Congress must act on energy legislation supported by the White House after the transmission failure that led to a blackout over a large part of the Northeast and Midwest, Energy Secretary Spencer Abraham (search ) said Sunday.
"The grid is old. It's aging. And the growth in electricity demand is tremendous, and we're not keeping up with it," Abraham told "Fox News Sunday."
Abraham argued that the Bush administration has been doing all it can to prevent the types of failures that resulted in the worst blackout in U.S. history.
"We've identified the corridors where we need more transmission," he said. "We've been working with the states to upgrade and improve the identification of new technology. We've invested more than 50 percent in our budget on research."
But Abraham said Congress must put incentives in place and establish transmission standards.
The chairman of the House Energy and Commerce Committee agreed. Louisiana Rep. Billy Tauzin (search) condemned the Senate for waiting too long to pass an energy bill that is now in a conference committee.
The bill includes "incentives to build new transmission facilities, and, additionally, the right of the federal government, when the states don't cooperate on locating those lines, to actually settle the dispute and locate right-of-ways for new transmission facilities," Tauzin said on ABC's "This Week."
On "Fox News Sunday," Abraham said the Bush administration supports a three-year delay in a controversial proposal that its supporters claim would make it easier to run the nation's electrical system.
Abraham said the proposal would "force down the throats" a federal policy of deregulation that states with cheap power oppose.
The Federal Energy Regulatory Commission (search) proposal would establish national standards for managing the flow of electricity through regional transmission organizations. It also would establish some new rules on access to transmission lines.
Abraham said many states don't want the federal government telling them how to run their electrical systems.
"The [FERC] measure ... goes to the question of whether or not we would mandate and force down the throats of regional areas of the country a federal approach to deregulation of the marketplace," Abraham said.
A leading investigator says a failure to contain problems with three transmission lines in northern Ohio just south of Cleveland was the likely trigger of the blackout. But he said Sunday he still doesn't know why the blackout spread so widely.
"We have a problem here where we either have a bad design, or we have bad following the rules," Michehl Gent, head of the North American Electric Reliability Council, told ABC. "If there's a violation of the rules, we need to be allowed to enforce those rules."
Gent, whose group is paid for by industry, said his group is proposing that Congress create a body that would govern electricity transmission the way the Securities and Exchange Commission regulates stock markets.
On Saturday, FirstEnergy Corp., the Akron, Ohio-based utility that officials said owned at least two of the three broken lines, confirmed alarm systems were not working that might have alerted engineers to the failed lines.
It was not immediately clear whether that impeded efforts to isolate the local line disruptions, some of which occurred an hour before power system shutdowns cascaded Thursday from Michigan to New York City and into Canada.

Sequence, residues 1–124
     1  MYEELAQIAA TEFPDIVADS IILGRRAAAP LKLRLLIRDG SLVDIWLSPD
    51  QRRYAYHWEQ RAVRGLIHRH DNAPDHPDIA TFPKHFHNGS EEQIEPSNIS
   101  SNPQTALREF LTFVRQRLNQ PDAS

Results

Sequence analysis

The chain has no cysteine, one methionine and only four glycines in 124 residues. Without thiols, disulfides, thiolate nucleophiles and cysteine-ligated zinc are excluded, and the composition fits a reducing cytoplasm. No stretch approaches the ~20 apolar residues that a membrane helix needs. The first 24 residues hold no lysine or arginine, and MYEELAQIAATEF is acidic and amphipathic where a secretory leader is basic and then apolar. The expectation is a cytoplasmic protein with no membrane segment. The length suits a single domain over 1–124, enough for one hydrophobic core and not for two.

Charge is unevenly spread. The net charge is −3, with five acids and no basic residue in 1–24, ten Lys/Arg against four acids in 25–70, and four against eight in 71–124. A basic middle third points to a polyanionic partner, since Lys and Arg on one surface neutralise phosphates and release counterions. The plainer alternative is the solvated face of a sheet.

Gent said the transmission system was designed to isolate such problems and suggested that human error might have been involved in not containing the situation.
"The system has been designed and rules have been created to prevent this escalation and cascading. It should have stopped," Gent said in a telephone conference call Saturday.
FirstEnergy was aware the alarm system was broken, said company spokesman Ralph DiNicola. A functioning backup alarm at the Midwest Independent System Operator, a nonprofit power pool that oversees the region's electrical grid, was in place, DiNicola said.
At the Midwest ISO, spokeswoman Mary Lynn Webster said she did not know when workers noticed the FirstEnergy lines were disabled and what, if anything, they did about it.
Webster said the pool copes with "thousands of alarms every minute," and that the failed lines weren't in areas most prone to problems.
A failure in the monitoring system could be devastating because it prevents operators from isolating failures before they spread, said Thomas Stuart, a professor of electrical engineering at the University of Toledo.
Abraham, co-chair of a U.S.-Canadian task force that will look into the cause of the blackout, said Saturday that the group is putting together investigative teams that will include experts from the government's research laboratories as well as private resources. In addition to determining the cause, the task force will recommend actions to prevent a repeat.
The task force hopes to complete an initial report within a month, the Canadian co-chairman said Saturday. "We want to move as quickly as possible," said Canada's Natural Resources Minister Herb Dhaliwal, a former an electric company official.
Gent did not identify specifically the three power line failures that became the focus of the NERC investigation. But other council officials said they were among five reported transmission failures in the Cleveland area leading up to the blackout peak Thursday afternoon.
The transmission system in northern Ohio is operated by FirstEnergy.
Among the things yet to be determined is the relationship between lines tripping in Ohio and the unusual power swings that were observed in lines leaving Michigan and going into Canada and then back again, according to investigators.
There are more than 10,000 pages of data, including automatically generated logs on power flows over transmission lines, that need to be closely examined, said Gent.
The Associated Press contributed to this report.